|@St. Norbert October 2006 - Student Ambassadors||St. Norbert College|
in Northern England
British Council selects St. Norbert students as its ambassadors
Meredith Meier '07 reports on a unique opportunity that is allowing her to extend the experience of her semester in Scotland.
How do you even begin to describe what it is like to travel and live in another country?
In a word, amazing.
The four months that I studied in Scotland may have been the most fantastic of my life. But the real dilemma after studying abroad is how to take all your wonderful experiences and incorporate them into everyday life in the United States.
I was lucky and found an innovative way to channel all of my enthusiasm about Scotland and the United Kingdom into a positive outlet. While in Stirling, I was given the opportunity to apply for a student ambassadorship through the British Council.
A student ambassador's job is to promote study and awareness of educational opportunities in the United Kingdom. There are only 71 British Council student ambassadors in the United States.
St. Norbert College is unique in having not only one student ambassador, but two.
Steve Braband '07 and I have the unique opportunity this year to share the ambassadorship and make the most of our dual experiences and resources.
"Homebody" travels far afield
To make my story more meaningful, you need a little background about what my college life has all involved. I am what you may call a "homebody."
Getting me to travel the two hours away from home my freshman year was the equivalent of sending me to Budapest. While I was excited to embark on the wonderful journey that is college, I was terrified of moving away from everything that I knew and loved.
You can only imagine the surprise of my family and friends when I decided to study abroad the second semester of my junior year. I kept on hearing remarks like, "Is this the girl that was kicking and screaming when she had to go to college?" or, "You do know that Scotland is more than two hours away, right?"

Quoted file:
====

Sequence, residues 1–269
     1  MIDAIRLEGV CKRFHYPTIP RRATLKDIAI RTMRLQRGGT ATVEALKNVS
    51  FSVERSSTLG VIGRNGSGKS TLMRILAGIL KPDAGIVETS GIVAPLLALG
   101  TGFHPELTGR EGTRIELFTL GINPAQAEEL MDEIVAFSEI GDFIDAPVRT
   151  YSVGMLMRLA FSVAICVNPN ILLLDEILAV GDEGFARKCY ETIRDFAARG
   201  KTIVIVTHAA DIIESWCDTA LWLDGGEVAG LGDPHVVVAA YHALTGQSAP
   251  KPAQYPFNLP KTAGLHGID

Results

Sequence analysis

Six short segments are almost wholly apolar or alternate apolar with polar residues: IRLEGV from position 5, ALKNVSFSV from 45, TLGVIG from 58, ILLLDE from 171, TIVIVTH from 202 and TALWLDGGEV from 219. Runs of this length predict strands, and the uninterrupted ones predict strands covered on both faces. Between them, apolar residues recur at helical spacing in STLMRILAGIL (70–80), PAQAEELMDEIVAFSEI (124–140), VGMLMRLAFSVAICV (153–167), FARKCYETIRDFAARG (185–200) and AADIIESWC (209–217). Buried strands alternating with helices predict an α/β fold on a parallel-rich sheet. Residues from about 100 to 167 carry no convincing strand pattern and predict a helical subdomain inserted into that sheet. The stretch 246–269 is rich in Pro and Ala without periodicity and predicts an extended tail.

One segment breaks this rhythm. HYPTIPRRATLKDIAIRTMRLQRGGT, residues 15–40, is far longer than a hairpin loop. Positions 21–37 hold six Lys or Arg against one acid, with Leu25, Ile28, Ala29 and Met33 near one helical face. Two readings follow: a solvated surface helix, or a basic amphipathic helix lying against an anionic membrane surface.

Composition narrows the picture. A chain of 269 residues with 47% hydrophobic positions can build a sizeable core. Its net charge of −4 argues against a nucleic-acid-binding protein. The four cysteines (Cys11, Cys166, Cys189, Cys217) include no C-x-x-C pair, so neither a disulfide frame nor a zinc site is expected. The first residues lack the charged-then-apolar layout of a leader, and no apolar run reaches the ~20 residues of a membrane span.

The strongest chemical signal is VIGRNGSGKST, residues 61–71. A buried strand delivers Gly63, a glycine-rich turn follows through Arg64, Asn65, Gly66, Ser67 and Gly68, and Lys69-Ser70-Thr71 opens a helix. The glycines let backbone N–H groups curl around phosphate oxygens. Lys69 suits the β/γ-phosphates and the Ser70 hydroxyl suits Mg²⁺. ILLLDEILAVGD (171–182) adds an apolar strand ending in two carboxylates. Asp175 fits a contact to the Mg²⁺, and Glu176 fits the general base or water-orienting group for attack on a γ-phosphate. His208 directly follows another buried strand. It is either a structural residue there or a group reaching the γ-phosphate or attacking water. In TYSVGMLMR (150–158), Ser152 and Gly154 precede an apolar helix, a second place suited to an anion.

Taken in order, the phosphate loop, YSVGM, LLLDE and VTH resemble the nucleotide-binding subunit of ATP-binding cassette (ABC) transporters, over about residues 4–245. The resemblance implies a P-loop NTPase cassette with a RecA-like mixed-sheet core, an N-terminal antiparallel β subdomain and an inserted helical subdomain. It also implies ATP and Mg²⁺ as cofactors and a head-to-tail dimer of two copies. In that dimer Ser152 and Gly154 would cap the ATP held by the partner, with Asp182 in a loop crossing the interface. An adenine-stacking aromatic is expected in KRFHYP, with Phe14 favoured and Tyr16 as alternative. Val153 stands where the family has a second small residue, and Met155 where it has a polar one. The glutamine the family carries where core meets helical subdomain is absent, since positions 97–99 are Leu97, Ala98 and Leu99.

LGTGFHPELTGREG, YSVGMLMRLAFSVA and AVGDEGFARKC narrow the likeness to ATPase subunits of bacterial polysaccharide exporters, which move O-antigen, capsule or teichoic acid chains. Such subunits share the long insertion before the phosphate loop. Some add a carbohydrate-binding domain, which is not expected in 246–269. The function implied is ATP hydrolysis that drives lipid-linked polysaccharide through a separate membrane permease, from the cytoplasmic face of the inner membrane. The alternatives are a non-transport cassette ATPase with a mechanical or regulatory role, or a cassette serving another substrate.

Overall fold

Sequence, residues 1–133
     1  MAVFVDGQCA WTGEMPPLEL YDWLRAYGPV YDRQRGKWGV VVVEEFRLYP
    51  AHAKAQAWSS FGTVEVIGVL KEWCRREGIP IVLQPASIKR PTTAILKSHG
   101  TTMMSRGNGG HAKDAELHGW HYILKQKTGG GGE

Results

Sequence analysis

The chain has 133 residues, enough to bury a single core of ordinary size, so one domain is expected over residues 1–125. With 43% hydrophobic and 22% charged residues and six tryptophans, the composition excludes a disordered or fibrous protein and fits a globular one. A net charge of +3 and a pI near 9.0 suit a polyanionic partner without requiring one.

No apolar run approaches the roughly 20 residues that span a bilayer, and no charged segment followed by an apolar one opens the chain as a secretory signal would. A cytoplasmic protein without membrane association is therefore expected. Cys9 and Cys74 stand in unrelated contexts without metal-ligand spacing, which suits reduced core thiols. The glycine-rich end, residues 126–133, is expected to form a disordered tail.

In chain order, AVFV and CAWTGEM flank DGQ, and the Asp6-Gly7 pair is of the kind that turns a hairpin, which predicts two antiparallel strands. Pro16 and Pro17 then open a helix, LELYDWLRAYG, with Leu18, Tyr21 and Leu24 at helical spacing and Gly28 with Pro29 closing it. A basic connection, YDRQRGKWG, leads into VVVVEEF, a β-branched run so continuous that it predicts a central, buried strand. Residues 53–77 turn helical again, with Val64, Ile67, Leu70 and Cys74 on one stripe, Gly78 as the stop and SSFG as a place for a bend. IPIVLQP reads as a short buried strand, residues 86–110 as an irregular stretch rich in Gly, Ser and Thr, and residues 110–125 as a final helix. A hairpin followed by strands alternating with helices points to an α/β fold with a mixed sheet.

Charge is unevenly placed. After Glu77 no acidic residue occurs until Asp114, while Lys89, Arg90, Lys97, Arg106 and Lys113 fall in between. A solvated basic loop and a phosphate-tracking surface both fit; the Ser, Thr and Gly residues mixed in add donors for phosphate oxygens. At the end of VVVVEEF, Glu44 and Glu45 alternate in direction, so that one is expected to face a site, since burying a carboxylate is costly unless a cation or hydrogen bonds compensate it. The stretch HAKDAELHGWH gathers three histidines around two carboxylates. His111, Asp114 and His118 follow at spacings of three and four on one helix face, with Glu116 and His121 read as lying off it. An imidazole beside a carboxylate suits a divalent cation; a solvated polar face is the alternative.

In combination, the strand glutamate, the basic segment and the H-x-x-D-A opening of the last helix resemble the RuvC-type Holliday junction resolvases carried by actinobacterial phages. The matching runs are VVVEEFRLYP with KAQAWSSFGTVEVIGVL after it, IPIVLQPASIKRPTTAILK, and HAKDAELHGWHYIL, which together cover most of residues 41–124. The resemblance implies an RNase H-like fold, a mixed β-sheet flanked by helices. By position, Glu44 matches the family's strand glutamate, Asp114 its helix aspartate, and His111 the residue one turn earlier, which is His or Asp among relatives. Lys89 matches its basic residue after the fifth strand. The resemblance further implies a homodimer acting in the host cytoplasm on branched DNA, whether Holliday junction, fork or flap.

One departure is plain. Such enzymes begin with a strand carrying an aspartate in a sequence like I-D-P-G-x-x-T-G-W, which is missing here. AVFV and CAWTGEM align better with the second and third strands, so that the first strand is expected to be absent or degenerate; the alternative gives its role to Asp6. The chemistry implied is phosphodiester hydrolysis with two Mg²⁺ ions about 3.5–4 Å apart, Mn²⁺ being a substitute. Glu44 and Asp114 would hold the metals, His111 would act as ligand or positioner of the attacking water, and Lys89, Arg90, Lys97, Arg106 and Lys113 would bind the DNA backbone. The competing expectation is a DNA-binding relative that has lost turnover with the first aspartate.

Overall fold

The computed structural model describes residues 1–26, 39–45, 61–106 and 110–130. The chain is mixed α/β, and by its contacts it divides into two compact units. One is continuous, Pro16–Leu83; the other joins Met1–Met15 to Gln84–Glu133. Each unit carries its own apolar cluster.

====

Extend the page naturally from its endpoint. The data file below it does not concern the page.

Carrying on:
I welcomed these remarks because it showed me how much the college experience forces people to live outside their comfort zones. Using all the independence and confidence I had gained after three years at St. Norbert College, I boarded a plane, traveled across the Atlantic and landed in Scotland.
The rest, you could say, is history. I fell in love with Scotland. Its people. Its beauty. Its authenticity.
After returning from abroad, there is an overwhelming feeling that nobody understands what you just went through. Every fiber of your being wants to get on a plane and go back.
Many times students returning from semesters abroad suffer from reverse culture shock, an emotional and psychological state that results from re-entry and may cause symptoms of restlessness, boredom, depression, uncertainty, confusion and isolation.
After having had such a wonderful experience in Scotland, I felt it was important to give back and help others learn about the wonderful prospects the United Kingdom has to offer.
To become an ambassador through the British Council was quite the process. First, I had to be nominated by my home and study abroad university, write an essay, complete a phone interview and then, once I was accepted into the program, take part in a two-day orientation.
For the next academic year, my job, along with that of my fellow ambassador, will be to volunteer and host events at St. Norbert College to generate interest in the United Kingdom.
My hope is that students will respond enthusiastically to studying abroad and have the motivation to undertake what will certainly be a life-changing experience.
If reading this article gives you the itch for some foreign travel of your own, check out the alumni study abroad trip to Spain offered next May.